Saturday, April 03, 2010

Broken HP trackpad button may result in data loss

I have an in-warranty HP laptop whose left trackpad button broke today. I contacted support for repair options and they require me to send in my laptop. Estimated turnaround time is 7-9 business days! It gets worse.

I was using the button per design when I heard an uncharacteristic cracking noise. It appears one of the support pegs broke, leaving the button very loose and difficult to operate. I must push the button near the right edge. Pushing the button on the left edge or center raises the right edge far enough that I can possibly pry off the button with a fingernail. Very bad design.

HP's website says they have 24/7 chat and phone support. I try the chat first, thoroughly describing the problem and explaining that because I use my laptop for work, I cannot afford extended downtime. The agent says I will need to send my laptop to their service center and estimates I should get my laptop back in 7-9 business days. I said upfront I could not afford extended downtime. It should NOT take 7-9 business days to fix a trackpad button!

I ask if there is a local repair center where I can bring my laptop for a same day repair. The agent says the warranty will not cover such a repair and I will need to pay the repair center. HP's website also has a look up section to find "authorized partners". I enter my zip code and find such shops as Target and Office Max. Last I checked, these were retail outlets who sell HP products but do not have repair facilities on site. The agent eagerly asked for my zip code and apparently proceeded to do the same search, because his results were the same as mine. I explained these are retail shops and asked for actual repair shops. This was all the info the agent had.

Ok, fine, if I must send in my laptop, I at least need to remove the hard disk so I can use it in another machine while I wait for the unacceptably long repair. The agent tells me their policy requires me to ship the entire laptop intact. Absent a hard disk, they will return the laptop to me as-is. This is seriously impacting my work! The agent explains they do system tests to ensure the problem won't happen again and to find other potential issues. It's a trackpad button! You don't need my disk to ensure the button won't fail again. Besides, a repair center certainly has plenty of other disks they can use to run their system tests. There is nothing wrong with my laptop and I'm willing to waive the system test.

I also read in my warranty documents that HP is not responsible for my data. A careless tech could "accidentally" wipe my disk. Yet another reason to remove my hard disk before sending my laptop! Fine, what if I swap out my disk for a blank one? The agent again insists I must ship the entire laptop intact with the original parts or they will return the laptop to me as-is. The agent also could not assure the privacy of my data. That sounds like I have no control over a careless tech connecting my laptop to the internet and whatever "system tests" they run disabling my firewall, opening a free-for-all on my data. I cannot accept this solution.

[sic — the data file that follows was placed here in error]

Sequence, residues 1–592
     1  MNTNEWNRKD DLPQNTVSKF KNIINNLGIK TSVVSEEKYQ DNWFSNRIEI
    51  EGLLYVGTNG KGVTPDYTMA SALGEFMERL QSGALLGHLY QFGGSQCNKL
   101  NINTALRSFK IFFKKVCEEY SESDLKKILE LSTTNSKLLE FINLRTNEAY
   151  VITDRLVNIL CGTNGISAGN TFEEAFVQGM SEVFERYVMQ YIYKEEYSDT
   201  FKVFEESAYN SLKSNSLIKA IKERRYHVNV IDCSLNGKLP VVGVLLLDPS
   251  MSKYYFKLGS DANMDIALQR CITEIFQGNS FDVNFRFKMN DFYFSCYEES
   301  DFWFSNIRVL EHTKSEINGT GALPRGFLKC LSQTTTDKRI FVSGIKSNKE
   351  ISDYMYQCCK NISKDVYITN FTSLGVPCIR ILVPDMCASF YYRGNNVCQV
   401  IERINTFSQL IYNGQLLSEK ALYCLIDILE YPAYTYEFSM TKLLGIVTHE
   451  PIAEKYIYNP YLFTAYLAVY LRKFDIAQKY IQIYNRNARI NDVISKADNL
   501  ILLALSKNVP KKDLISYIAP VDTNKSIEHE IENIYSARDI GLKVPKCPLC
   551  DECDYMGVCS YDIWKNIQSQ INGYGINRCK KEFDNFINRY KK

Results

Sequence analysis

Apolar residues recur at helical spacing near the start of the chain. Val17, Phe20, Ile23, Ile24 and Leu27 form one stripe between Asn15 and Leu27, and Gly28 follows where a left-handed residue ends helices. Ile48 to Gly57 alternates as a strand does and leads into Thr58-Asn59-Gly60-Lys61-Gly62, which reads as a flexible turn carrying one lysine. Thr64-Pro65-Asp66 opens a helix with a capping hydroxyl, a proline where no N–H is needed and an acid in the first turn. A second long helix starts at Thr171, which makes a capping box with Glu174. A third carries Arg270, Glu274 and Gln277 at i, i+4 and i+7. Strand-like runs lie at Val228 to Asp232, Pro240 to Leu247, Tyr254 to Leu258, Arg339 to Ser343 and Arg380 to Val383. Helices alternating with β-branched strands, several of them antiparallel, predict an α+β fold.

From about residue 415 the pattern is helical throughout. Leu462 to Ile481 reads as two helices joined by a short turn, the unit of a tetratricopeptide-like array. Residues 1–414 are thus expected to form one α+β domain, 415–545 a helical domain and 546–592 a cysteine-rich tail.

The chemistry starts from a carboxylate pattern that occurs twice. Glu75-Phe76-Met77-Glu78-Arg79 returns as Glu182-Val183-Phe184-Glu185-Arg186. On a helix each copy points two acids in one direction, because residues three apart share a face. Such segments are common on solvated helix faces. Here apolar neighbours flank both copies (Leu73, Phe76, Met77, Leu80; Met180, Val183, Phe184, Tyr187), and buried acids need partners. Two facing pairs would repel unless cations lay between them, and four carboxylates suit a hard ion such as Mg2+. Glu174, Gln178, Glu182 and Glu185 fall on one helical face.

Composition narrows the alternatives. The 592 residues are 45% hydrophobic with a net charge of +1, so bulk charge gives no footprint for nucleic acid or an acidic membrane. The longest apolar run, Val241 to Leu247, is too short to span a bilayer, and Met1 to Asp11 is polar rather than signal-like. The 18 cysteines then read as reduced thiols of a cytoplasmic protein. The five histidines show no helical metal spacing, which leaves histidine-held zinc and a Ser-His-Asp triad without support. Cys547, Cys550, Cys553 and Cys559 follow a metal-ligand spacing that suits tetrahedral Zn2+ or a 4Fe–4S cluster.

The agent offers to escalate my case to a Case Manager, but is unable to provide a case number right now. He says the CM will call me in 2 business days. My schedule is highly variable and it is likely I will be unable to spend much time on the phone so I ask what number can I call to speak with this CM. The agent has no number I can call. If I miss the call, I will need to chat again to request another call. He promises to email me the case number in 2 hours. It has been 4 already. So, my case falls into a hole, with no way for me to refer to it. Tuesday, the CM will call at an inconvenient time and I'll need to start the whole support process over again.

Maybe I'll have better luck with phone support. I double check the website and yes indeed the phone support is also 24/7. After a surprisingly short hold time, I speak with a phone agent who informs me their system is "updating" and that I need to call back in 6 hours. That's not 24/7 support!

Considering my recent rapid turnaround with tweeting ATT and on my friend's recommendation, I search Twitter to find a relevant HP user to contact. I sent some tweets at HPsupport. Let's hope I get better service.

I had hoped for better support. I am a long time user of HP products, not just laptops, but printers (various LaserJets), graphing calculators (HP 48gx!), scanners and generally have been happy with their quality. The way this trackpad button broke is either just an outlier defect or the quality level has tanked significantly. Either way, HP has an opportunity to win back customer satisfaction in a reasonable way – find me a local repair center who can fix the button the same day, or let me remove my disk so I can continue working on another machine. If the latter, they better turn around the repair in much less than 7 because I am already unhappy there's no local center.

HP, I want to continue liking your products and services. Please help me.

1 comment:

  1. These type on incidents break the trust of even long time users. They must reduce the time taken for the warranty replacements.

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